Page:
"In Hiroshima, 30 days after the first atomic bomb destroyed the city…, people are still dying, mysteriously and horribly — people who were uninjured in the cataclysm from an unknown something which I can only describe as the atomic plague. Hiroshima does not look like a bombed city. It looks as if a monster steamroller has passed over it and squashed it out of existence." Wilfred Burchett, reporting in the London Daily Express, Sept. 5, 1945)

August marks the 60th anniversary of U.S. imperialism’s act of atomic terror against Hiroshima and Nagasaki, killing some 250,000 civilians, and leaving 270,000 people in succeeding generations suffering genetic effects of radiation poisoning. This mass terror marked the beginning of a new era of imperialist wars waged by the U.S.: Korea, Vietnam Gulf War I, the Yugoslav air war, Afghanistan, Gulf War 2 in Iraq, and countless military interventions in between, from Dominican Republic to Angola to Nicaragua. Millions have been murdered by the U.S. bosses’ drive for world domination.

Today, the U.S. rulers continue to spread the lie that the Hiroshima-Nagasaki A-bombs were "necessary to save a million U.S. lives" which would have been lost in a land invasion of Japan; that the dropping of the bombs forced Japan’s surrender. However, the evidence is overwhelming that rather than being the last military act of World War II, the Bomb was a political act, dropped as a "warning" to the Soviet Union, the opening shot of the U.S. Cold War against the USSR.

Dropping The Bomb Was ‘Militarily Unnecessary’

On March 9, 1945, "100,000 to 200,000 men, women and children died…when the U.S. Air Force doused Tokyo with jellied gasoline; all told, in the months before the Hiroshima, [conventional] bombs killed up to 500,000 in Japanese cities and left 13 million homeless." (US News & World Report, 7/13/95) This policy of mass terror bombings of civilians was pursued by the Nazis, the British and the Japanese fascists as well as the U.S. Only the Soviet Union did not target civilians.

By 1945, Japan’s entire industrial and military machine had ground to a halt, its oil lifeline severed. By June, U.S. Air Force General Curtis LeMay complained that there was nothing left to bomb in Japanese cities except "garbage can targets." On May 5, the U.S. intercepted and decoded a cable sent to Berlin by Germany’s ambassador to Japan stating: "Since the situation is…hopeless, large sections of Japan’s armed forces would [favor] an American request for capitulation even if the terms were harsh. (NY Times, 8/11/93)

Furthermore, at the May ’45 Yalta Conference, Stalin had pledged to Truman that the Soviet Union would enter the war against Japan no later than three months. This led Truman to write in his diary, "Fini Japs when that comes about." (Truman, "Off the Record") On August 8, millions of Red Army troops swept into Japanese-occupied Manchuria and were even preparing an invasion of homeland Japan. Truman wrote his wife that with the Soviet entrance into the war, "We’ll end the war a year sooner." ("The Letters from Harry to Bess Truman — 1910-1959"; edited by Robert Ferrell; 1983) As it turned out, by September the Red Army had routed the fascists (the subject of a future CHALLENGE article).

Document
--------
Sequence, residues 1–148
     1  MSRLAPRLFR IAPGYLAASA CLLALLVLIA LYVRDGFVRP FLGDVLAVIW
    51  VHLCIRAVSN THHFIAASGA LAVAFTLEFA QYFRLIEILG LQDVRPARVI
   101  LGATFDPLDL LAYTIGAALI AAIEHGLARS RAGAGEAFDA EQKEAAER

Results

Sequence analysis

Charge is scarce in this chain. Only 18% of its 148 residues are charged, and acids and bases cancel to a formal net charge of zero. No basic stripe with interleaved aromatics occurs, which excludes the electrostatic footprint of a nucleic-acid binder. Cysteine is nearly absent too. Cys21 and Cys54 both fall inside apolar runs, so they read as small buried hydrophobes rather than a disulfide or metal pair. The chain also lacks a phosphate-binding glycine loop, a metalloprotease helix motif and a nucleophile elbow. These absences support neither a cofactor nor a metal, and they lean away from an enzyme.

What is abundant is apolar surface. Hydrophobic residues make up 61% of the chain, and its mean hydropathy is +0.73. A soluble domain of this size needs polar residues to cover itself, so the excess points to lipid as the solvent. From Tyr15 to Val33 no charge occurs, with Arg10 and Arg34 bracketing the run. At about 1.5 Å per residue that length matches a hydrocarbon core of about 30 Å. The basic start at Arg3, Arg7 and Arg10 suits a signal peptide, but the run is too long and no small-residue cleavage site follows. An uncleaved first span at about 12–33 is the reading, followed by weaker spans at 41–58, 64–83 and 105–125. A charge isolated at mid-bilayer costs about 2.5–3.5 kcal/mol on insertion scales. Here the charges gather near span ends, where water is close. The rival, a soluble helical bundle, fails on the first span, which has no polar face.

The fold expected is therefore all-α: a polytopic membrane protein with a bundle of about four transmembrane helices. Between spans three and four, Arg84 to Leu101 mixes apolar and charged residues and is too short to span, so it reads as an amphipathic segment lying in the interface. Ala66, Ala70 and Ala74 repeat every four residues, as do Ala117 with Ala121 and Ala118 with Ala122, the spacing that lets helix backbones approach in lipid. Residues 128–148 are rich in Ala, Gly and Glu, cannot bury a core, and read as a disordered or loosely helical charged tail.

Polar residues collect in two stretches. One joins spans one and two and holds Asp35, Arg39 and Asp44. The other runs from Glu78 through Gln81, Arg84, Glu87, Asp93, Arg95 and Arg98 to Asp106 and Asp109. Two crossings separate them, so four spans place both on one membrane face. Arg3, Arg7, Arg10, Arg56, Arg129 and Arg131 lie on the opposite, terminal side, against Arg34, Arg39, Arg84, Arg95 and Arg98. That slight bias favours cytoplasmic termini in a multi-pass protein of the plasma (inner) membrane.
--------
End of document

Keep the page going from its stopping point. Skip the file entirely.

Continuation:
All the top U.S. brass were convinced that Japan was about to surrender and that using the A-Bomb was militarily unnecessary. It was General Dwight Eisenhower’s "belief that Japan was already defeated and that dropping the bomb was completely unnecessary…and no longer mandatory to save American lives." (Eisenhower, "Mandate for Change"; 1963) Army Air Force commander General Henry Arnold wrote, "It always appeared to us that atomic bomb or no atomic bomb, the Japanese were already on the verge of collapse." ("Global Mission"; 1949) And the U.S. "Strategic Bombing Survey" concluded that, "certainly prior to December 31, 1945,…Japan would have surrendered even if the atomic bombs had not been dropped." (U.S. Strategic Bombing Survey, "Japan’s Struggle to End the War"; 1946)

The evidence is inescapable that the liberal Democratic Truman Administration’s decision to drop the Bomb was a political one. Once the Bomb was tested successfully on July 16 — with the Soviets ready to enter the war against Japan by August 8 — the U.S. rushed to employ it before the Japanese would surrender, to show to Moscow that the U.S. now had a "master card," as Truman’s War Secretary Henry Stimson referred to it: "Let our actions speak for words. The Russians will understand them better than anything else….We have got to regain the lead …in a pretty rough and realistic way….We have coming into action a weapon which will be unique." (Diary of Secy. of War Henry L. Stimson; emphasis added)